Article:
Sticky rice, otherwise known as glutinous rice or sweet rice, is a very popular variety of rice all across Asia and shouldn’t be confused with what we know as “white rice” (a term that can be used for anything in between Jasmine rice to short grain non-glutinous white rice and more).
It’s a delicious, sticky type rice that’s used very commonly in both dessert and savory dishes. Luckily, it’s super easy to cook perfect sticky rice at home!
What is sticky rice aka glutinous rice?
It’s important to note that this rice does not contain any gluten. It’s called glutinous rice because of its sticky, glue-like texture. This really sticky texture is what sets glutinous rice apart from other types of white rice.
Most rice contains up to two types of starches that determine the texture of the rice once it’s fully cooked: amylose and amylopectin. The more amylose starches a type of rice contains, the more separated the grains will be after cooking. The more amylopectin starches the rice contains, the stickier and more gelatinous the grains will be.
For example, Jasmine rice has higher amounts of amylose and has separate granules when cooked. Sticky rice is special because it doesn’t have any amylose and contains the highest amount of amylopectin; This is what makes it great for super sticky desserts and recipes.
What to eat with sticky rice
Sticky rice and dessert go hand in hand and there are so many ways to enjoy it: biko, pandan sticky rice, champorado, and so many more. One of my favorite ways to enjoy glutinous rice is eating mango sticky rice—um does this even need an explanation?
Don’t be fooled, you can also eat sticky rice with savory dishes. Growing up, my mom and grandma made me sticky rice with a side of Chinese sausages and it was the best quick snack when I got hungry. These days, you can find sticky rice on the menu at your local Thai, Vietnamese, Filipino, and other Asian restaurants and convenient stores.
What methods can you use to cook sticky rice?
Like other types of rice, there are various ways to make sticky rice at home the next time you’re craving it: stovetop (similar to how I cooked it for biko), rice cooker, instant pot, or steamer. Often times, I’ve found that the easiest method to make sticky rice at home is to soak the rice overnight before steaming.
Although waiting overnight can seem long, it does definitely cut down on the active cooking time and gives you plump and chewy rice grains. I like using a steamer to cook the rice too because it’s easier to achieve perfectly cooked sticky rice. Since it doesn’t sit in a pool of water, you can’t add too much water–simply just add more steaming time until it’s done. You won’t mess up the cooking process, like with a pot or rice cooker, by simply opening the lid, which you can do as often as you need to check doneness, as it coasts to the finish line.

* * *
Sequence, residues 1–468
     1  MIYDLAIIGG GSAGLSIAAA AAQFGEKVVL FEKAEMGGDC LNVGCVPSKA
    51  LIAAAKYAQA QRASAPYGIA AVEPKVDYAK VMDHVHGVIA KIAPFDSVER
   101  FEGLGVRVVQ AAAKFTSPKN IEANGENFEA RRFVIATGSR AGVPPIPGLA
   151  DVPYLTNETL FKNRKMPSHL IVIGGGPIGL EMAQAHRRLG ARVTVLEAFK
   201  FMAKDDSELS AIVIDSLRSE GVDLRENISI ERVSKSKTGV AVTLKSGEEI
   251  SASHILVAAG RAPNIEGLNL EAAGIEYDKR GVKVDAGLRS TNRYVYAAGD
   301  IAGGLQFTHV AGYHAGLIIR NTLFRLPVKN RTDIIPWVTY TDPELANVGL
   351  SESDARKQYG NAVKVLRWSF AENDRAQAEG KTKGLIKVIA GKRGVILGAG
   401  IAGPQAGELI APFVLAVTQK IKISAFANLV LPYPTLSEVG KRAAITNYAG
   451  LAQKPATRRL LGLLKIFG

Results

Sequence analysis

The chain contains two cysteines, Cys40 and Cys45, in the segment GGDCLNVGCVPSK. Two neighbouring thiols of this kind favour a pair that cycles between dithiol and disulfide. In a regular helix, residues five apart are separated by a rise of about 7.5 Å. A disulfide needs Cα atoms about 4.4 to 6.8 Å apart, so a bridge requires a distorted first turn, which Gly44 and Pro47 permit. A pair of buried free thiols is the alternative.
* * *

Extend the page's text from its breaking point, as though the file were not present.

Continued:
- Soak the glutinous rice before cooking to reduce the active cooking time you’re standing in front of a stove.
- If you are using bamboo steamers, presoak and preheat the steamers to get more moisture and accurate heating during cooking.
- Try not to open the lid before it finishes cooking to not lose out on the steam and heat inside the steamer. Although if it’s your first time and you’re trying to get the timing down first, it’s fine. You won’t mess up the cooking process, only extend the cook time, by opening the lid.
Storage and preheating
To store extra sticky rice, place it in an airtight container in the fridge for up to 4-5 days. To reheat the rice, place it in a microwavable bowl, add a few drops of water, and add a damp paper towel over. I like to preheat it in 30-second intervals to prevent it from overcooking and drying out.
How to Make Sticky Rice (Easy & Foolproof Method)
- 208 g glutinous sticky rice
- 6 c water plus more for steamer
- mixing bowl
- cheese cloth or hand towel
- In a mixing bowl, combine the glutinous rice and water. Cover with a lid or towel and let rest for at least 8 hours.
- In a pot of water over medium-high heat, add the steamer and line with the cheesecloth. Preheat the steamer for about 2 minutes or until you start to see steam rising above the steamer.
- Drain the water from the soaked rice.
- Add rice to the preheated steamer lined with cheese cloth and spread evenly.
- Cover with the lid and steam for 17-18 minutes. Make sure to add water to the pot throughout the steaming process so the pot doesn’t run out of water.
- Open the lid and check the texture of the rice, it should be plump, soft and chewy. The rice should not be mushy or too hard. If the texture is too al dente for your preference, you can close the lid and continue to cook for an additional 2 minutes before checking the texture again. Cook until it reaches the final desired texture because it will not continue to cook once you remove it from the heat.
- Serve immediately.